I met a healthcare worker the other day, who, when hearing I’m a Yoga teacher, asked, ‘that’s good for flexibility, isn’t it?’.
‘Yes’, I replied, ‘but it’s got a lot more going for it than that – it’s good for your strength, good for your mental outlook, good for emotional balance… a lot of things…’. I stopped short, realising that in the two minutes I was going to speak with this person, I couldn’t begin to explain the depth and breadth of this amazing discipline*… which made me get to thinking…
After my chat with said individual, I began to think about the jargon and ‘esoteric-ness’ that many Yoga Professionals feel they must continue to impart when discussing Yoga. It’s a bit of
‘I know this and you don’t, so I’m special’
To be frank, it’s this attitude that is preventing Yoga from gaining the ground it might otherwise – both with the general public and in the healthcare community. (And no, this attitude isn’t unique to Yoga – when I was working in the wine industry in a past life, this attitude was rife. But one could argue the wine industry also struggles with blatant snobbery).
When teachers are the problem
A few months back I was in a blogging workshop where one of the other participants – also a Yoga teacher – announced with amazement that she was ‘astounded when one of her students asked her just the other day what ‘vinyasa’ was’. She followed with an incredulous, ‘I thought everyone knew that?!’.
I inwardly shook my head – thinking to myself, there is an enormous gap between high and low involvement consumers, and intentional or not, teachers are exacerbating the problem. (BTW, High and low involvement’ is a way of categorizing individuals, often used in marketing research studies. This categorization helps researchers better understand and predict what people are willing to pay, what they buy, where they buy, how they act, etc).
So, just as there are ‘highly involvement’ and ‘low involvement’ wine consumer’s, so too are their high and low involvement Yogis. The low involved still buy, enjoy and value Yoga without the need to dissect it or understand every nuance. Some even spend an enormous amount of money on Yoga – recognising it’s place in society, or acknowledging how much better it makes their life, without consciously needing to learn more or become heavily invested.
So how can the industry better meet the needs of all of these students?
Those who live and breathe it as well as those who simply don’t have the inclination to delve into it’s depths.
Most of the teachers I know, myself included, became a teacher because we see the value in Yoga and (indeed) feel it’s our duty to share our knowledge with others. But the crux lies here, when we share our passion and knowledge, we must be mindful to meet our students where they are on their own personal journey. This means listening to them, engaging with them at their interest and understanding… not rushing them to perform asanas beyond their capability… or going too deep into yogic philosophy when students are interested (yet) in that side. We must remember its our duty to let them enjoy the journey and go at their own pace.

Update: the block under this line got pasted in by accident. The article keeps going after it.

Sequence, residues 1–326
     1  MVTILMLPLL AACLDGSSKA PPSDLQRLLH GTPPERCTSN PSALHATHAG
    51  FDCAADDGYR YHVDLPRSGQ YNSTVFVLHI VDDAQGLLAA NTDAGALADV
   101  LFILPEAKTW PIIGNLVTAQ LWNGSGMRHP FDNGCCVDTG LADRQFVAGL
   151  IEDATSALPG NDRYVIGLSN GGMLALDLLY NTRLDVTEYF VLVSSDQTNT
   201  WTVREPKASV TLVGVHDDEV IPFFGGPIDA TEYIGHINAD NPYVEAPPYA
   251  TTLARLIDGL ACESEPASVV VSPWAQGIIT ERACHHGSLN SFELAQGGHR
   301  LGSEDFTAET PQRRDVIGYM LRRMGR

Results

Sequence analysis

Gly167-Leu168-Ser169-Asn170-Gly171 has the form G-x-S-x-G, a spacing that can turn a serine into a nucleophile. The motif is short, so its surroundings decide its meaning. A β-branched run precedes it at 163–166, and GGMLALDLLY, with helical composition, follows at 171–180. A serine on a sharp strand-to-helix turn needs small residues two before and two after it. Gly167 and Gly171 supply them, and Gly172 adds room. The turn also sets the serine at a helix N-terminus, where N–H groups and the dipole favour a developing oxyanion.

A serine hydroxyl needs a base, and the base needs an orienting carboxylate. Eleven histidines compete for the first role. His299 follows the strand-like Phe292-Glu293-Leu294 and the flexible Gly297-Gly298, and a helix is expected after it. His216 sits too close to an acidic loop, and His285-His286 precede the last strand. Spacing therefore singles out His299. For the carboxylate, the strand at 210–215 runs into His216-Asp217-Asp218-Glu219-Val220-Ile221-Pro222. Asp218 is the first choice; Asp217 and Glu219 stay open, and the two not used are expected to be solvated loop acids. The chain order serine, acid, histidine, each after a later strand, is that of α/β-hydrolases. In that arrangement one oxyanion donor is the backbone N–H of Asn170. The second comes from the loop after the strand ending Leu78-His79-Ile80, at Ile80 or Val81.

There’s a famous ‘Yogalebrity’ who has made a name for herself by not using Yoga speak. And while Tara Stiles has become a champion for legions of students, she seems to equally draw the wrath of teachers the world over for ‘dumbing it down’ or stripping away the ancient philosophy . In my opinion, she’s inspirational. She has clearly recognized the need to bring Yoga to students in a different, accessible way. Her style doesn’t suit everyone, but the legions of fans and huge business she’s created clearly shows she meets many yogis where they need to be met. She is spreading the message of yoga and it’s tangible benefit and brings new people to Yoga with each passing day. Isn’t that a good thing?
So when you next step on the mat – think about how you’re meeting your student.
Drop the jargon, speak in ways that they understand.
Encourage home practice – a daily practice is where the *real* benefit is
Share your knowledge without overwhelming
And be safe. Know your students and their personal situations.
For the better part of the past 15 months, I’ve been developing YogaMate for Yoga Professionals to help them better meet the needs of their students. My ultimate driver for creating YogaMate is to help see yogic tools enter into national school curriculum’s. There is no question that being introduced to the breath and meditation at a young age will make the world a better and more peaceful place – from the micro level to the macro level. In order to realise this goal, we teachers must stop being our own worst enemy.
Agree this is a common goal you can believe in? If so, please ‘like’ YogaMate on Facebook to follow the journey and provide your own thoughts and comments as I work to create this platform. For the millions of students out there who are interested, but overwhelmed by the complexity – my ultimate objective is to help students find an easier entry point into this beautiful, life-changing discipline I love.
YogaMate is a digital platform being developing (launch planned for end of year 2015), aiming to better connect Yoga professionals with their students, clients and the health community. YogaMate’s aim is to expand the understanding around the depth and breadth of Yoga and it’s health benefits – and is intent on helping to break down the confusing barriers the industry has (un?)intentionally created. YogaMate aims to help Yoga professionals meet their students wherever they are on their journey, ultimately, making Yoga more accessible the world over.
*Discipline? Philosophy, way of life, exercise? How can one begin to encapsulate the complexity of Yoga in one simple word? Here’s a short video we created of people sharing what Yoga means to them. I’m going to use the word ‘discipline’ for lack of better adjective. Please comment if you’ve got a better recommendation!